to effect an improvement in, or better understanding of,
the real world; otherwise known as the experimental
factors.
Outputs: report the results from simulation runs.
Content: The components that are represented in the
model and their interconnections.
Assumptions: Made either when there are uncertainties
or beliefs about the real world being modelled.
Simplifications: Incorporated in the model to enable
more rapid model development and use (Section 6.3).

Assumptions
are
ways
of
incorporating
uncertainties
and
beliefs about the real world into the
model.
Simplifications are ways of reducing
the complexity of the model.

The content of the model should be described


in terms of two dimensions:
The scope of the model: the model
boundary or the breadth of the real system
that is to be included in the model.
The level of detail: the detail to be
included for each component in the models
scope.
The purpose of the conceptual model is to set
out the basis on which the computer based
simulation (computer model) is to be
developed.

For many modellers there is a


temptation to start coding the
computer model as soon as possible.
Without due attention to the
development of the conceptual model,
however, this can lead to a model that
does not achieve what is required
The model may have to be completely
rewritten, wasting significant amounts of
time.

Requirements of the
Conceptual Model
Willemain (1994) lists five qualities of an
effective model: validity, usability, value to
client, feasibility and aptness for clients
problem.
Brooks and Tobias (1996) identify 11
performance criteria for a good model.

Four main requirements of a conceptual model:


Validity
Credibility
Utility
Feasibility.

Validity
A perception, on behalf of the modeller,
that the conceptual model will lead to a
computer model that is sufficiently
accurate for the purpose at hand.
Underlying this notion is the question of
whether the model is right.
The subject of validity is discussed in
more detail in Chapter 12.

Credibility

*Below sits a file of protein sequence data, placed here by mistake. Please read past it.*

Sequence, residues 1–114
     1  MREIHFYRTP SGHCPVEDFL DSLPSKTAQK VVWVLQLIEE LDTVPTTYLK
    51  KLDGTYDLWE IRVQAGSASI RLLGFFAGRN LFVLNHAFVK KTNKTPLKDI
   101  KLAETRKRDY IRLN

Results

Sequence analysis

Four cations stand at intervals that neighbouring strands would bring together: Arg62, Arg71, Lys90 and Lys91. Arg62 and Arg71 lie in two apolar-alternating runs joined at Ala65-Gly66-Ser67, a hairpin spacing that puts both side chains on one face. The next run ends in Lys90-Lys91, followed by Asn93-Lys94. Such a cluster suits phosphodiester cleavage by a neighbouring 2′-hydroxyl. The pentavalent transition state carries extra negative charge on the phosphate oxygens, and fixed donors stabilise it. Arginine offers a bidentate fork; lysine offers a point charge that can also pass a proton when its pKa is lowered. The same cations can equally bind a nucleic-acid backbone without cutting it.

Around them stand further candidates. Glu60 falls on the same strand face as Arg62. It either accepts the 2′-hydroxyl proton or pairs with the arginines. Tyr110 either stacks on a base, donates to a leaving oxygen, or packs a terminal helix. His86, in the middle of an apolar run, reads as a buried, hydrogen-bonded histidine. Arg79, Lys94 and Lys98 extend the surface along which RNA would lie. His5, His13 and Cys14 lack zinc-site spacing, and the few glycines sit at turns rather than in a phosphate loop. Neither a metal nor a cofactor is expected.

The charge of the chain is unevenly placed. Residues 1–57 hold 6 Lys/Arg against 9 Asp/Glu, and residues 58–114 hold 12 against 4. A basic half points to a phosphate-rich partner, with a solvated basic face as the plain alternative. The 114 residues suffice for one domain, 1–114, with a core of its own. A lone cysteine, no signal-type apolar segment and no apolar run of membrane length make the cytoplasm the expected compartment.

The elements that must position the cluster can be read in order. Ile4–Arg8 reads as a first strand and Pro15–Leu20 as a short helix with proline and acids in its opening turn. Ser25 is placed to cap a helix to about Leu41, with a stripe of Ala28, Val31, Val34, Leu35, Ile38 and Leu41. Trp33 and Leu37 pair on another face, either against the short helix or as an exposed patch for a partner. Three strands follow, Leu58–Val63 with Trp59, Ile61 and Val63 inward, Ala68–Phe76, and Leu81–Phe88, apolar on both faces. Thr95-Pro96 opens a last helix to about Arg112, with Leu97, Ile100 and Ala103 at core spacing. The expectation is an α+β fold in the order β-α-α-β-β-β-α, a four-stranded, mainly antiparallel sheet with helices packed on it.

A perception, on behalf of the clients,
that the conceptual model will lead to
a computer model that is sufficiently
accurate for the purpose at hand.
Is taken from the perspective of the
clients rather than the modeller.

Utility
A perception, on behalf of the modeller and the
clients, that the conceptual model will lead to a
computer model that is useful as an aid to
decision-making within the specified context.
moves away from simply asking if the model is
sufficiently accurate, to whether it is useful.

Feasibility
A perception, on behalf of the modeller and the clients,
that the conceptual model can be developed into a
computer model.
Various factors may make a model infeasible.
It might not be possible to build the proposed model
within the required time-scale.
Data requirements of the model may be too onerous, or
there is insufficient knowledge of the real system to
develop the proposed model.

Keep the model simple

Communicating the
Conceptual Model
Background to the problem situation (Section 6.2.1).
Objectives of the simulation study (Section 6.2.2).
Expected benefits (Section 1.3.2).
The conceptual model: inputs, outputs, content (scope
and level of detail), assumptions and simplifications
(Chapter 6).
Experimentation: scenarios to be considered (Chapter
10).
Data requirements: data required, when
responsibility for collection (Section 7.2).
Time-scale and milestones (Section 4.3).
Estimated cost (Section 4.6).

required,

There are four main reasons why it should be


expected that the specification will change
during a simulation study:
Omissions in the original specification.
Changes in the real world.
An increased understanding of simulation on
behalf of the clients.
The identification of new problems through
the development and use of the simulation
model.

Representing the conceptual


model

Component list
Process flow diagram
Logic flow diagram
Activity cycle diagram

Component list

Process flow diagram


(process map)

Logic flow diagram

Activity cycle diagram